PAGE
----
Ira Glass, host of “This American Life,” and Monica Bill Barnes & Company have been working together to combine two art forms that, as Glass puts it, “have no business being together – dance and radio.”
Now Alabama audiences can experience “Three Acts, Two Dancers, One Radio Host: Ira Glass, Monica Barnes & Anna Bass” on Saturday, June 11, presented by the University of Alabama at Birmingham’s Alys Stephens Performing Arts Center.
The show is set for 8 p.m. in the ASC, 1200 10th Ave. South. Tickets are $39.50, $49.50 and $59.50. UAB students and faculty may purchase $25 tickets; a limited number are available. All members of the UAB family may receive a 20 percent discount on single tickets. Call 205-975-2787 or visit www.AlysStephens.org for more details. This event is sponsored by Regions Bank.
The production includes radio interviews restaged as dance pieces, plus stories from the lives of each of the three performers. The result is a funny, lively and heartfelt evening of dance and stories that have brought down the house wherever it has been performed, starting with its test run at Carnegie Hall in 2013.
|The show is set for 8 p.m. in the ASC. Tickets are $39.50, $49.50 and $59.50. UAB students and faculty may purchase $25 tickets; a limited number are available. All members of the UAB family may receive a 20 percent discount on single tickets.|
“What makes it work is a shared sensibility,” Glass said of the concept. “As dancers, Monica and Anna are these amazingly relatable and funny storytellers without words. People who like ‘This American Life’ will probably like this, because it’s just like the radio show, um, if you picture dancing during all the stories.”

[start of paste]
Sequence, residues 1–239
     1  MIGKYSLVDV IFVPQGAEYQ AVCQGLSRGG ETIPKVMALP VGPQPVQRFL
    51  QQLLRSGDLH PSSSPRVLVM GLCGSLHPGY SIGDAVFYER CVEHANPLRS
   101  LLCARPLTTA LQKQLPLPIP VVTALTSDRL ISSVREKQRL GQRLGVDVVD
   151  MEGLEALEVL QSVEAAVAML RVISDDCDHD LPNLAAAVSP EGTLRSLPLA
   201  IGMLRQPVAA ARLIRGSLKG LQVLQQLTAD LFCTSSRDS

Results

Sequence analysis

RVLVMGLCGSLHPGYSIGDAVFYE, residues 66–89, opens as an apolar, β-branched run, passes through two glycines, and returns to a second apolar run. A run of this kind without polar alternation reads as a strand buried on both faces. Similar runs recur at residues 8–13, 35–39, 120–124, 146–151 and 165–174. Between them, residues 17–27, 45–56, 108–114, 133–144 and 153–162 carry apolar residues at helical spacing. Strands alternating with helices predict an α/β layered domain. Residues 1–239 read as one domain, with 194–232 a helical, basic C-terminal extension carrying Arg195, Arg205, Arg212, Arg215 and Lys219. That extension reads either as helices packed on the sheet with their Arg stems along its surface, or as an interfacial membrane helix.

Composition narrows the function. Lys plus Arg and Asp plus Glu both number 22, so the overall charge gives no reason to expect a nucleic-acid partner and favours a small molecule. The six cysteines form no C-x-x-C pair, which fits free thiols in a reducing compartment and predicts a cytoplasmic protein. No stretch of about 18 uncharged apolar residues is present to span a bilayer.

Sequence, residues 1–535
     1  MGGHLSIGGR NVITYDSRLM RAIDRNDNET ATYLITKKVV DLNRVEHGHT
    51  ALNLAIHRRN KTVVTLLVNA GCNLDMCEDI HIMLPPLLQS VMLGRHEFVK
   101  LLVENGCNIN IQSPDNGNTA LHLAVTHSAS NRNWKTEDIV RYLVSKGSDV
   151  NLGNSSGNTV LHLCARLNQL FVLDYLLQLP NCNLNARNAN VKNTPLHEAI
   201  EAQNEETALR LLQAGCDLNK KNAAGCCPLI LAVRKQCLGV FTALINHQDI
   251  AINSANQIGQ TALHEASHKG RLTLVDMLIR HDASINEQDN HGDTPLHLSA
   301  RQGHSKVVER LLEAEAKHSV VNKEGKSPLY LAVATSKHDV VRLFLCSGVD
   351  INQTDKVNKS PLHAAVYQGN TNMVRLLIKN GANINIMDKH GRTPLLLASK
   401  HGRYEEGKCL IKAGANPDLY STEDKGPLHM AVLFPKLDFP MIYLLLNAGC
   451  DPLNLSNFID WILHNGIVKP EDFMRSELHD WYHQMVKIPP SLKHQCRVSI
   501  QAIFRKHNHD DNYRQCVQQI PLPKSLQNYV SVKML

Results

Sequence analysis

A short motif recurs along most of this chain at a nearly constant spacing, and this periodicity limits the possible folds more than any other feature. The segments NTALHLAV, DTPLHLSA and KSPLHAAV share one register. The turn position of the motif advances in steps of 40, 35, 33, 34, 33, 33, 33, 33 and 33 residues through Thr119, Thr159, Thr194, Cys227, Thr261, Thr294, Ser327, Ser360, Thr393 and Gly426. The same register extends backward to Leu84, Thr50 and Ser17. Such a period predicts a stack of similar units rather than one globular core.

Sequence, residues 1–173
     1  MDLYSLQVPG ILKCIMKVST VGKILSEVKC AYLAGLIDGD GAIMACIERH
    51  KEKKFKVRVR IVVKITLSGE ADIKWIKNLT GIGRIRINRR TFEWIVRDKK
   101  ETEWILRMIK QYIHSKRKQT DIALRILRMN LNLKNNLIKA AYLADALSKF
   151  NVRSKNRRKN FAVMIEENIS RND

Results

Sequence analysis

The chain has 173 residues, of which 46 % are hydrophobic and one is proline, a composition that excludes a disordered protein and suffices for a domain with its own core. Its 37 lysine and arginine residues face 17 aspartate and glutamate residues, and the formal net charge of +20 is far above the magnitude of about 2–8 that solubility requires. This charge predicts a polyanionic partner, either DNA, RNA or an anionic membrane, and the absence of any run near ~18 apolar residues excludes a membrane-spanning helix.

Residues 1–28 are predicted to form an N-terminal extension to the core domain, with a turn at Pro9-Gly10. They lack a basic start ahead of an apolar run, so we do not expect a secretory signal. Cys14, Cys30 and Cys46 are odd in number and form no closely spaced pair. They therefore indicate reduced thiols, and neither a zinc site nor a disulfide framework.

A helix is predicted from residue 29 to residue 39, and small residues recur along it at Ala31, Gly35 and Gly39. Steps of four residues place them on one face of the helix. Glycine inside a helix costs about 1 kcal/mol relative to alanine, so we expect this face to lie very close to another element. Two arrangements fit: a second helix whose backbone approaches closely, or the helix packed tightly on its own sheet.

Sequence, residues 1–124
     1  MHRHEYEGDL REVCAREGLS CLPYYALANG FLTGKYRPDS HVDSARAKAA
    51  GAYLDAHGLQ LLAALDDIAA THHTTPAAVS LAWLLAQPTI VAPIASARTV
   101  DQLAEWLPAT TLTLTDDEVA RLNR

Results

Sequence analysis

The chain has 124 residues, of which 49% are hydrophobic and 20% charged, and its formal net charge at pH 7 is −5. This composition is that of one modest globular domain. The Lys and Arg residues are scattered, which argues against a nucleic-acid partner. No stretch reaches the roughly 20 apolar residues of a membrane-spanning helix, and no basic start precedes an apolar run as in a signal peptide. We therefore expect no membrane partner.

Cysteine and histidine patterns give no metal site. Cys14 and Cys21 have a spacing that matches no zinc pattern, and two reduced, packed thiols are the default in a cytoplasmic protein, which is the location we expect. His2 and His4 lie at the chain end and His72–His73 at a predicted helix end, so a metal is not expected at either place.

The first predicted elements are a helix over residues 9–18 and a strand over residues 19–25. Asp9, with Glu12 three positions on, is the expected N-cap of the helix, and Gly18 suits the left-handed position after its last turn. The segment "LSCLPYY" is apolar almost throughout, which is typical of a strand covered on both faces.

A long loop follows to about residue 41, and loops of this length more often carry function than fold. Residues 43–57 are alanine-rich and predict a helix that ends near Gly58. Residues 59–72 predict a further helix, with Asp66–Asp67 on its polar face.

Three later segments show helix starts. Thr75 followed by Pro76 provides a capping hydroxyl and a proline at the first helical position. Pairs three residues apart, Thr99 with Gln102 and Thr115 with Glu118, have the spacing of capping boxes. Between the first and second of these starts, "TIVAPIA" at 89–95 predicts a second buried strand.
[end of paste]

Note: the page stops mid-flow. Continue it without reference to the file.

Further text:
As the title indicates, the show is in three acts. Act One is about the job of being a performer. Act Two is about falling in love and what it means to stay in love, and in Act Three, the audience is faced with the fact that nothing lasts forever.
The radio pieces have been remade with props and costume and lighting changes, says Bass.
“Combining these art forms has led to a show that’s unlike anything I’ve ever choreographed before,” Bass said.
Playwright, writer and director David Mamet said of the performance, “We’re blessed from time to time, with a spontaneous generation of humor and insight … Ira finds — uncovers — drama and humor in the most pedestrian of places.”